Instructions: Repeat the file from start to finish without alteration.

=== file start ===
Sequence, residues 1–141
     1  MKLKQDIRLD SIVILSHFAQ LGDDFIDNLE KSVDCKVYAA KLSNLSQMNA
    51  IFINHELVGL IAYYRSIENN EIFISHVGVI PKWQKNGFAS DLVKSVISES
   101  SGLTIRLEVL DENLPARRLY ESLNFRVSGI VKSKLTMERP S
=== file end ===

Sequence, residues 1–141
     1  MKLKQDIRLD SIVILSHFAQ LGDDFIDNLE KSVDCKVYAA KLSNLSQMNA
    51  IFINHELVGL IAYYRSIENN EIFISHVGVI PKWQKNGFAS DLVKSVISES
   101  SGLTIRLEVL DENLPARRLY ESLNFRVSGI VKSKLTMERP S